At Heeman’s, we’re committed to your gardening success. Our relationship starts when you purchase your plants but continues into the garden. That’s why we stand behind our shrubs and rose with our guarantee. We want you to succeed with the plants your purchase from us. We’ve created our Top 10 Tips for growing a healthy shrub that will preform for years.

  1. Your new shrub should be planted as soon as possible. If it cannot be planted immediately, keep it in a shaded area and water it daily. Do not let it dry out.
  2. When choosing a site for your new shrub, remember its mature size and light requirements (sun or shade).
  3. Dig a hole 2 times larger than the container of your shrub and loosen the surrounding soil, including the bottom of the hole. Add to the bottom of the hole, approximately 2” of a ½ and ½ mixture of the existing soil with topsoil, a 3-in-1 garden blend or garden compost.
  4. Water your shrub in the pot before removing it. If the roots are overgrown or pot bound, carefully cut the side of the pot and peel off, without damaging the roots.
  5. Once out of the pot, let your plant sit in a pail of water for 5-10 minutes. Do not disturb the roots.
  6. Set your shrub in the hole so the top of the root ball is even, or slightly above surrounding soil level. Compact the soil around your shrub leaving a depression around the trunk for water. Water thoroughly after planting.
  7. Grow healthy shrubsAt this stage, the roots of your new shrub are in a ball or the shape of the container. Therefore they are unable to draw water from deep in the soil. Your newly planted shrub must be watered as often as they need it. The amount of watering will depend on the weather conditions, type of soil – whether heavy clay or sandy loam and/or the variety of your shrub. Check that the soil at the base of the plant is moist and not saturated or dried out. It can take 30 days or more for your shrub to get established and grow stronger roots. You should pay close attention to the watering needs of your new shrub for the remainder of the season.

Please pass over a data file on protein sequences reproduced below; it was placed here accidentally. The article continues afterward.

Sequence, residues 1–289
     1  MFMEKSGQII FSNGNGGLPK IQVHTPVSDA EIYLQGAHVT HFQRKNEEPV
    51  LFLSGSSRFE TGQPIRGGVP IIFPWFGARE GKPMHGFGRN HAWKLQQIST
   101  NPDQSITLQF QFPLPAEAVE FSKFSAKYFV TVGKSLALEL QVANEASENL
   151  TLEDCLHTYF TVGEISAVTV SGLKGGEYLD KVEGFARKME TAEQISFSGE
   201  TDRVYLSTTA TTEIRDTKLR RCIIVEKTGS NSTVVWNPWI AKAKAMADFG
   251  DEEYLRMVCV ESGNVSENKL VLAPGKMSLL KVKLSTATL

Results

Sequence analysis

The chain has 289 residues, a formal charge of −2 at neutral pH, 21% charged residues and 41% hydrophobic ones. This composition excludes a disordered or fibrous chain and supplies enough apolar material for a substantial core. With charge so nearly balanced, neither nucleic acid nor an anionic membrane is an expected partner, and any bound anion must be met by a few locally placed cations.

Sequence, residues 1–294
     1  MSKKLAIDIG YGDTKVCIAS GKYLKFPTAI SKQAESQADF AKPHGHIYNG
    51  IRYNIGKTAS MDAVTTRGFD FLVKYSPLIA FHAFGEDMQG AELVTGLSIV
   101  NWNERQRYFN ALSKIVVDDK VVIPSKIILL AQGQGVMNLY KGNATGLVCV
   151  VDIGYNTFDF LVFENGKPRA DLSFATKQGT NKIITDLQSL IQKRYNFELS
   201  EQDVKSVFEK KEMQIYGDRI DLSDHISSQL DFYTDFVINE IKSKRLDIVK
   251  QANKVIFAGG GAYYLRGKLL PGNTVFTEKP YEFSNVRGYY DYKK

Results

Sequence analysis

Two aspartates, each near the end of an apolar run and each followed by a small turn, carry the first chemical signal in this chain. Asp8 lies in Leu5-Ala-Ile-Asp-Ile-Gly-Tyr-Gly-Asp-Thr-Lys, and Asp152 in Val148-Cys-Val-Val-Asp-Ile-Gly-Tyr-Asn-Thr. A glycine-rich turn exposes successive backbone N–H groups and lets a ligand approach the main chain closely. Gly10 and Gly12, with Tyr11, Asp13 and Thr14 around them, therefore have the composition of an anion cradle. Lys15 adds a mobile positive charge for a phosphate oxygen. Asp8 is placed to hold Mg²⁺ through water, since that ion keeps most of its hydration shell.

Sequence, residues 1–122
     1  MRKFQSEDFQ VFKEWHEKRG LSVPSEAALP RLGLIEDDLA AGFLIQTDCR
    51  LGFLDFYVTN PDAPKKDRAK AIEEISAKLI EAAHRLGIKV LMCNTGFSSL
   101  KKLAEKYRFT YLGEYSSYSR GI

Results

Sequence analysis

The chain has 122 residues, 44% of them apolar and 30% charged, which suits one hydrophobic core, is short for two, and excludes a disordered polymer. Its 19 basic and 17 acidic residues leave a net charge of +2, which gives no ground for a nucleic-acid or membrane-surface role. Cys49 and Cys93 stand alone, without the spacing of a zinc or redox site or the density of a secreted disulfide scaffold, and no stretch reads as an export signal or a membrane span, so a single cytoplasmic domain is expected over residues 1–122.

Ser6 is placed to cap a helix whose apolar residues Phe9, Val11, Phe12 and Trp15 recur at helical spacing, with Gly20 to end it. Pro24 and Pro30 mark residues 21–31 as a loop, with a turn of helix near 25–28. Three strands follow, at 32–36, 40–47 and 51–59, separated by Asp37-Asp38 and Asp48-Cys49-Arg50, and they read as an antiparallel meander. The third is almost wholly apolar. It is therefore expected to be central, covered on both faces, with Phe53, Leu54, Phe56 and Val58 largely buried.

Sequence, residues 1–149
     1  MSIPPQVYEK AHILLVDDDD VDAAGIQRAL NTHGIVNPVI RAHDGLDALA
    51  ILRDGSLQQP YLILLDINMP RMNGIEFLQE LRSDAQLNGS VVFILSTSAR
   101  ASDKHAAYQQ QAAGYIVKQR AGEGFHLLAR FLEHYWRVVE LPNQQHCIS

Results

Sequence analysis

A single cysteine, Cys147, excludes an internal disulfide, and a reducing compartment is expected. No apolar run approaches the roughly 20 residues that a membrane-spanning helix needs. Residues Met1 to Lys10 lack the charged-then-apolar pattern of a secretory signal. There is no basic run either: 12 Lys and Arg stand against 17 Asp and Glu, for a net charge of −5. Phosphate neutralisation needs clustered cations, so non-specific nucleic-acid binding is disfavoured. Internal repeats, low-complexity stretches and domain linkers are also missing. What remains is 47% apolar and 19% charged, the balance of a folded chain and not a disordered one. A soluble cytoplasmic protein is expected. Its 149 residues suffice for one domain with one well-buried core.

8. Apply organic mulch, such as garden compost, shredded disease-free leaves or bark chips, to a depth of 3-4” and a few centimetres from the trunk. This will help the soil to retain moisture.
  9. Apply fertilizer. An easy way to fertilize shrub beds is to broadcast dry fertilizer over the surface of the soil and then water the area thoroughly. You can also use slow-release granular and coated fertilizers for shrubs.
    • Do not apply high rates of nitrogen (the first number in fertilizer) during July and August because this may stimulate leaf growth & new branches that will not harden-off properly, causing winter injury. Spring is the best time to fertilize shrubs, just before the shoot buds open.
  10. Avoid winter damage! Shrubs need water even in the winter. This is especially true for conifers and broad leaf evergreens, such as rhododendrons and azaleas. Before the ground freezes or up until mid-November soak the soil around the shrub thoroughly. Watering at this time of year ensures your shrub will not dehydrate over the winter.